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How to Eliminate Wet Spots in Candle Jars

Updated February 21, 2017

Wet spots can often be found along the sides of the candles that fill candle jars. Two main causes of these wet spots include the shrinkage of the drying candle wax and the formation of bubbles in the hot wax. These spots are often considered a defect by both the manufacturers and consumers of the candle jars. For this reason, candle makers strive to find methods that prevent the wet spots from forming in the candle jars. If you enjoy making candle jars at home, some methods can help prevent wet spots from emerging in your candles.

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  1. Heat the jars you will use for your candles to about 43.3 degrees Celsius before adding the hot candle wax. You can heat your jars by placing them in a warmed oven or by warming them with a heat gun. This helps prevent the wax from shrinking and forming spots in the sides of the jars, which often occurs due to the temperature differences between cool jars and warm wax.

  2. Tap the sides of the candle jars after you have poured in your wax. This helps release trapped air bubbles, sending them to the top of the wax.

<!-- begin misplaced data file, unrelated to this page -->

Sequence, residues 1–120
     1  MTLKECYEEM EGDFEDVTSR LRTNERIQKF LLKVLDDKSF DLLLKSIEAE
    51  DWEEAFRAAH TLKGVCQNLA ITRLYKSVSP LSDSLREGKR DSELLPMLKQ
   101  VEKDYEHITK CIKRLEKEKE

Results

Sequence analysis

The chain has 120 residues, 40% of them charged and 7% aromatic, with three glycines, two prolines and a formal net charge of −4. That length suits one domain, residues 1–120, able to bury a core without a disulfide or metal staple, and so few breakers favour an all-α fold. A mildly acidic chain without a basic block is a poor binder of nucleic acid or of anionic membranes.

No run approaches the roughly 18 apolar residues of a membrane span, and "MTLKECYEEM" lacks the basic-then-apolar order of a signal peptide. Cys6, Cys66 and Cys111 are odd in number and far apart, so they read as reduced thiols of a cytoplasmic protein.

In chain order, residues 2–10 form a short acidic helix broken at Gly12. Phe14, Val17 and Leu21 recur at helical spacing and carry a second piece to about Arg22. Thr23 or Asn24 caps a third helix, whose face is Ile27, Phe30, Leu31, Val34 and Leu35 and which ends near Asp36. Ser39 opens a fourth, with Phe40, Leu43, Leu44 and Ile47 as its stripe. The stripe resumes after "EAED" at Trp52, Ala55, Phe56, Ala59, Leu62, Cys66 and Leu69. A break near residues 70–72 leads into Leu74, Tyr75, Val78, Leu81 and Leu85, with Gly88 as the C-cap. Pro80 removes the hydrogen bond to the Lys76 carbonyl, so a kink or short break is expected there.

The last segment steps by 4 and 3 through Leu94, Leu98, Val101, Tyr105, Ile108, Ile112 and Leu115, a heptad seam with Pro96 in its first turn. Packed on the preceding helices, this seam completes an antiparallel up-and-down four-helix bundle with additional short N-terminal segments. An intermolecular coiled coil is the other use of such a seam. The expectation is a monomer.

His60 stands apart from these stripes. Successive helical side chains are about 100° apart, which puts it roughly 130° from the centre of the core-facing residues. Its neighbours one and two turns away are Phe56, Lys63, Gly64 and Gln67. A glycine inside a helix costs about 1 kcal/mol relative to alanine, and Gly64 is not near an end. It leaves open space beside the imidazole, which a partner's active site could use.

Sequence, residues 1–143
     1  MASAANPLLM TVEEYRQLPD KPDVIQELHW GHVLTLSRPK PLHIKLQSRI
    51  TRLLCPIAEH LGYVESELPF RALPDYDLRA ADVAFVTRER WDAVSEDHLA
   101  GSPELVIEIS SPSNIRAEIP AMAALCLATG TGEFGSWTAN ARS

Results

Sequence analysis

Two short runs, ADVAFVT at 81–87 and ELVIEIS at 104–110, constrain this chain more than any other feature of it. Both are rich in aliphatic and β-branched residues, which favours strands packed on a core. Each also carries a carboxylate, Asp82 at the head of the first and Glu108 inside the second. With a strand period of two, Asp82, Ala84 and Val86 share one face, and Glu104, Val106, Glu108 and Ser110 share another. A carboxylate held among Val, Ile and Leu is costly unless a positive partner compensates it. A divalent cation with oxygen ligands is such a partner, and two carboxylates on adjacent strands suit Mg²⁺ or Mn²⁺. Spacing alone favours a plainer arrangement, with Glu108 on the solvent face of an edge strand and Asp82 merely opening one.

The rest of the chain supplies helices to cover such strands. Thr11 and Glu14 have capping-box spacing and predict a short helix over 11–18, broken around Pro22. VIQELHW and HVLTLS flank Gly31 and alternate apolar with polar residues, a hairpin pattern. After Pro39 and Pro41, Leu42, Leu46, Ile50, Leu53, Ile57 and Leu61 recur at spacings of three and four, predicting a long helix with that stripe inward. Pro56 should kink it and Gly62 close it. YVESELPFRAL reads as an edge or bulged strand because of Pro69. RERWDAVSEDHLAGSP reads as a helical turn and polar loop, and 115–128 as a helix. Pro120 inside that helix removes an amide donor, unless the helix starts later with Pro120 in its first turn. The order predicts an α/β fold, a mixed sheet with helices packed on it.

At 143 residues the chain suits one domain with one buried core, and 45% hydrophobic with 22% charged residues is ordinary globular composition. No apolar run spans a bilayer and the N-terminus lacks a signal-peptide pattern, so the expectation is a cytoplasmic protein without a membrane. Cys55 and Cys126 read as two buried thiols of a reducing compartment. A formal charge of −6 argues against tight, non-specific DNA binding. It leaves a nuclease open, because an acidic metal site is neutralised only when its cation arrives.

3. Blow a heat gun at the top of the candle jar after tapping it. This helps pop the bubbles that were released after the jar was tapped in step two.

  4. Blow your heat gun at the sides of the candle jar to help prevent any bubbles from becoming trapped there.

  5. Move the candle jars to a warm area after they begin to set. The warm area helps the candles to cool slowly, which is essential for preventing the wax from shrinking away from the sides of the jar. A warmed oven works nicely for this.

  6. Remove the candles from their warmed location when they have completely set up. Do not attempt to move them until the wax has completely hardened.

  7. Store your candle jars in a cool location. This is essential for preventing the wax from melting to the glass, possibly causing spots in the jars.

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Things You'll Need

  • Heat gun
  • Oven

About the Author

Melissa Busse is a freelance writer covering a variety of topics, including natural health and beauty, budget balancing and parenting. She received her Bachelor of Fine Arts in studio art from Maryville University in St. Louis.

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